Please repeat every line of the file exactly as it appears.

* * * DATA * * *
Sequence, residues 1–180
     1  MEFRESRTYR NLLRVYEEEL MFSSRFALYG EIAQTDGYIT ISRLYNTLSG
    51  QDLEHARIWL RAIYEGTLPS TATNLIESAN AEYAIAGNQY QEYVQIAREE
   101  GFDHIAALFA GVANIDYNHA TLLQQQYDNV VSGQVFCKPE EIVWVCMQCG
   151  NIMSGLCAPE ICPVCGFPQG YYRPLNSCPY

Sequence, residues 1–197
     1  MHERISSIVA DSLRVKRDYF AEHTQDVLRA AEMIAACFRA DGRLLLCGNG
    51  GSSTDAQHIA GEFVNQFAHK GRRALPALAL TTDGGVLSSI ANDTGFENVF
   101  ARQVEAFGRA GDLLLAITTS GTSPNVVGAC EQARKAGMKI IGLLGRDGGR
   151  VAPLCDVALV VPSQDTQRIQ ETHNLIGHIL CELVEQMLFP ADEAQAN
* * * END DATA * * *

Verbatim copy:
Sequence, residues 1–180
     1  MEFRESRTYR NLLRVYEEEL MFSSRFALYG EIAQTDGYIT ISRLYNTLSG
    51  QDLEHARIWL RAIYEGTLPS TATNLIESAN AEYAIAGNQY QEYVQIAREE
   101  GFDHIAALFA GVANIDYNHA TLLQQQYDNV VSGQVFCKPE EIVWVCMQCG
   151  NIMSGLCAPE ICPVCGFPQG YYRPLNSCPY

Sequence, residues 1–197
     1  MHERISSIVA DSLRVKRDYF AEHTQDVLRA AEMIAACFRA DGRLLLCGNG
    51  GSSTDAQHIA GEFVNQFAHK GRRALPALAL TTDGGVLSSI ANDTGFENVF
   101  ARQVEAFGRA GDLLLAITTS GTSPNVVGAC EQARKAGMKI IGLLGRDGGR
   151  VAPLCDVALV VPSQDTQRIQ ETHNLIGHIL CELVEQMLFP ADEAQAN